Getting breast cancer treatment during COVID-19
To protect ourselves from COVID-19, also called the coronavirus, we’re being told to stay home and avoid contact with other people. But what do you do if you’re in treatment now or newly diagnosed and need to visit doctors and get treatment at the hospital or cancer center?
Living Beyond Breast Cancer CEO Jean Sachs, MSS, MLSP, speaks with Pallav Mehta, MD, about what he is telling his patients right now – where they can go for trusted information and how to care for their emotional health during this outbreak. Listen to the audio, or read the full transcript below.
Pallav Mehta, MD
Dr. Mehta is a hematologist/medical oncologist and director of integrative oncology and director of practice development at the MD Anderson Cancer Center at Cooper in Camden, New Jersey, and a member of LBBC’s Board of Directors. Read more.
Jean A. Sachs, MSS, MLSP
Chief Executive Officer, Living Beyond Breast Cancer
Jean began her work with LBBC in 1996 when she became the organization’s first executive director; she was named CEO in 2008. Jean brings a lifetime of women’s advocacy experience to her role as CEO. She lives LBBC’s mission everyday by speaking with newly diagnosed women about their needs and gaps in support. Read more.
Jean Sachs (00:00):
Hi everyone. It's Jean Sachs, the CEO of Living Beyond Breast Cancer. I'm really pleased that I'm having an opportunity to talk with Dr. Pallav Mehta from MD Anderson Cancer Center in Camden to give a little bit of a status update of where we are with the COVID-19 outbreak. He's been generous enough to answer a few questions, so thank you, Dr. Mehta. What cancer patients specifically are wondering is, when should they be going in for appointments? How are you dealing with that?
Pallav Mehta (00:48):
The situation is pretty dynamic and recommendations are changing by the day, if not by the hour. But for our oncology patients, we're trying to make the distinction between patients who are on treatment, active treatment, versus those who are just following up, for visits where they've completed all their treatments. For a lot of our follow-up patients, as long as they're feeling okay, our nurse or nurse practitioners are making phone calls and ensuring that they don't necessarily have any new issues going on. For those folks, we're telling them they really don't have to come in. They can just make sure that if they need blood work, they've gotten their blood work, which we will look at and if they need other tests, they can go as long as where their tests are done is open and is following appropriate policies, they can get their mammogram or their x-ray or whatever other tests are needed. But for patients on treatment, the issue is that [the COVID-19 situation] is the sort of thing where it won't be a one or two week delay when it comes to chemotherapy, for example. One week [of delay] usually doesn't change anything in terms of benefit of the treatment, but we know that [the outbreak] really will be probably [last] at least four to six weeks. And for chemotherapy, that just doesn't work. For those folks, we are telling them to come in and we've established multiple protocols from a hospitalwide initiative to the cancer center itself, around patients and visitors. As most places are doing, we're limiting the number of people that a patient can come in with, two, one visitors, for chemotherapy. Often, [in regular times] you'll see three or four family members or friends sitting there. We are not having that right now. We're separating patients and we're trying to abide by a six-foot rule. That's tough in infusion rooms, particularly in centers where maybe the infusion chairs are closer together. We're screening everyone at the door. Some places are doing temperature checks. We're doing more just a screening around symptoms and recent travel and recent exposure to anyone who may be assumed or confirmed positive [for COVID-19].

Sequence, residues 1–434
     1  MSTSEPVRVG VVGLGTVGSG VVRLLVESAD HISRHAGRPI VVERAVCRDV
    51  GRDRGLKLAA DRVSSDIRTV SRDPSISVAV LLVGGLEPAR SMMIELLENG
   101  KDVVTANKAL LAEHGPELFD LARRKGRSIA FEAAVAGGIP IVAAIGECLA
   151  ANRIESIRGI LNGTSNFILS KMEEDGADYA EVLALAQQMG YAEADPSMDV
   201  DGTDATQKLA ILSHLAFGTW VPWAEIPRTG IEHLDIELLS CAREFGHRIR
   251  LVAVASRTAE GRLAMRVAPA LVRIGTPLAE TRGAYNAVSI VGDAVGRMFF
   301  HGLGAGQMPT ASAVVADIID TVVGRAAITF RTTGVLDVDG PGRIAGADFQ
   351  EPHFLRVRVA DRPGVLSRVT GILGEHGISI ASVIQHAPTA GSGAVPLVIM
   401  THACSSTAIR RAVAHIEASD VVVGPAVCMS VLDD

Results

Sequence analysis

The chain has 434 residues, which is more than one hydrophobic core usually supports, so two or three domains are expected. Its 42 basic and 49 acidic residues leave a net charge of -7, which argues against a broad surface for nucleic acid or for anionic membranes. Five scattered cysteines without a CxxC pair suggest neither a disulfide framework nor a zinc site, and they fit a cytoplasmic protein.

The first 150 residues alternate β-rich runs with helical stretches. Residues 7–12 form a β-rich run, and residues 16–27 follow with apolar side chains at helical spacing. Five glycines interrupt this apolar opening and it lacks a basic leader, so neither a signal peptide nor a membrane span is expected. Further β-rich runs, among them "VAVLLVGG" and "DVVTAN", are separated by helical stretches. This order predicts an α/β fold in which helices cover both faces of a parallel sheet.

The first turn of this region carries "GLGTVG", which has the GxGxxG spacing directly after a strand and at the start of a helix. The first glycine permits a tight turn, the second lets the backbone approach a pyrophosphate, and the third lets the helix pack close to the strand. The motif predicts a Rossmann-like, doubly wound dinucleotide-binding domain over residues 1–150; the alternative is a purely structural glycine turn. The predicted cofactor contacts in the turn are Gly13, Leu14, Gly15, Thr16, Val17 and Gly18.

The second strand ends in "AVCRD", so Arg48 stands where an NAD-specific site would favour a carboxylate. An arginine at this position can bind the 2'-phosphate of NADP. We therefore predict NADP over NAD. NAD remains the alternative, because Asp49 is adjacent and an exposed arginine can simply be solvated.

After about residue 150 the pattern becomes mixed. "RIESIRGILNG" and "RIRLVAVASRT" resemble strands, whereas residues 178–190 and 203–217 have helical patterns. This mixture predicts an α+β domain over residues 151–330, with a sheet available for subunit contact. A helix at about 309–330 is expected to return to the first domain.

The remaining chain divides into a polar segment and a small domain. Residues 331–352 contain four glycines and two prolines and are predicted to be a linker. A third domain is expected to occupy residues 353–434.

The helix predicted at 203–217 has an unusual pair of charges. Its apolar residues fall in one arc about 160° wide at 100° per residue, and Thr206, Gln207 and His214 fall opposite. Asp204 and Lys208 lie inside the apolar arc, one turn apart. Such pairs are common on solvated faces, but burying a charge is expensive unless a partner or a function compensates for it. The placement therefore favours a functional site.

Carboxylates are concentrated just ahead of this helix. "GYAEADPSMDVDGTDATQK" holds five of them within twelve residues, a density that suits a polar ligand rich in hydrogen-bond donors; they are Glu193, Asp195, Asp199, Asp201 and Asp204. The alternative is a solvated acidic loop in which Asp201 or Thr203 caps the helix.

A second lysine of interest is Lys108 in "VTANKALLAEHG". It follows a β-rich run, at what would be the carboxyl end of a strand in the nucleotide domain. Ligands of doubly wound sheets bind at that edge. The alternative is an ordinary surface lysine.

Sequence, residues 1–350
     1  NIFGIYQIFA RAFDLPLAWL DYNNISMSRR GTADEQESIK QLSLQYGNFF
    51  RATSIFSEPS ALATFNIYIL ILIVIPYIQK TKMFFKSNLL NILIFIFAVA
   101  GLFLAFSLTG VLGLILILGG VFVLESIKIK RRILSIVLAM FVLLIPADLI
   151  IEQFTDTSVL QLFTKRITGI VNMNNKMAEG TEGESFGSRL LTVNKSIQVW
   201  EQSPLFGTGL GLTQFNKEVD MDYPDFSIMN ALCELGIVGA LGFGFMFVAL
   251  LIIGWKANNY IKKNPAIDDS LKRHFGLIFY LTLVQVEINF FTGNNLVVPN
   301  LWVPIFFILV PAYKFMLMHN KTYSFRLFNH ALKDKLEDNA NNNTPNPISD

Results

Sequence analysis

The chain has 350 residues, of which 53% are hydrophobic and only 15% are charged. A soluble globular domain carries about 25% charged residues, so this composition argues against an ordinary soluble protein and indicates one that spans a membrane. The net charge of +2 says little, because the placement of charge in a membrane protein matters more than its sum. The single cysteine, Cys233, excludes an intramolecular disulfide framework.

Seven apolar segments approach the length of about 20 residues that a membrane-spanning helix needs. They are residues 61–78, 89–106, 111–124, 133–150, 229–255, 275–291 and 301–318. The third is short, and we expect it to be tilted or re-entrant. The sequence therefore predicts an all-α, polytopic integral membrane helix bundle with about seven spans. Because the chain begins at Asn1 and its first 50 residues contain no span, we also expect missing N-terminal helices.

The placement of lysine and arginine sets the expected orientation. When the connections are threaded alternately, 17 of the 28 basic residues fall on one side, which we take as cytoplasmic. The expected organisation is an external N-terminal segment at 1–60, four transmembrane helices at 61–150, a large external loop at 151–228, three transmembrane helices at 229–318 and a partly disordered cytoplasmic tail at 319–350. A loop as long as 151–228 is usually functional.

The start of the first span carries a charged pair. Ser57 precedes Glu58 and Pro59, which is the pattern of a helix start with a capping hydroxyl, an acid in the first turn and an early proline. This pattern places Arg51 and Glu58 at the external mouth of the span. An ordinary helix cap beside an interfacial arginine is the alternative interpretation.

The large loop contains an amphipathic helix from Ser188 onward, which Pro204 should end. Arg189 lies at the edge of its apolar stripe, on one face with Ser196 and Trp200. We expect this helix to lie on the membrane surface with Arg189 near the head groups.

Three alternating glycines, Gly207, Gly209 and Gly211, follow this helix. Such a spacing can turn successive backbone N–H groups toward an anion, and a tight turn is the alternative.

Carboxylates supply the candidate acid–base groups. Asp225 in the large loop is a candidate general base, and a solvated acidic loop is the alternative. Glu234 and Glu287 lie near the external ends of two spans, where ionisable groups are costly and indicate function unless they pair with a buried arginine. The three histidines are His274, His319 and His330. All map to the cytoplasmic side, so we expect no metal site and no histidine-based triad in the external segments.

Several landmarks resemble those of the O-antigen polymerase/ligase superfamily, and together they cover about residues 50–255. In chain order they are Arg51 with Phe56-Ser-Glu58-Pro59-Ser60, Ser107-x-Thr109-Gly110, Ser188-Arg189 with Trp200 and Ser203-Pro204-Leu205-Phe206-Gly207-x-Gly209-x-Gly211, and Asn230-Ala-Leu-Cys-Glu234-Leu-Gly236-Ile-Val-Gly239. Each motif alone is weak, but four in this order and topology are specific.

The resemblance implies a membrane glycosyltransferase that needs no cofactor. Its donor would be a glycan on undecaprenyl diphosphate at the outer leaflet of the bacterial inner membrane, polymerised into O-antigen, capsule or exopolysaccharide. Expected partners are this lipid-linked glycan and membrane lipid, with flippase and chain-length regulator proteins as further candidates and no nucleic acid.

Jean Sachs (03:44):
What are you telling patients who may be immune compromised because of treatment? Are you giving them extra precautions?
Pallav Mehta (04:03):
The sort of advice we're giving them is similar to the advice we give them in general around being immunocompromised. Some of our patients are immunocompromised and older. So sort of a double whammy. [It's to do] what you're hearing on the news, to be vigilant about really trying to limit interactions with lots of people and making sure that the people with whom you interact regularly also are trying to limit interactions with other people. If you live with your son or if you've lived with your parents or whatever, and if you're on chemotherapy, they also need to be aware that they can't come into contact with lots of people, because they could be carriers and we're just not sure right now about asymptomatic carriers. This is still such a fluid situation.
Jean Sachs (05:10):
If you are someone who maybe three weeks ago just learned that you were diagnosed with breast cancer and were planning to go through all the testing, are you finding that you're slowing down on some of the next steps? Is there a delay in getting people into treatment?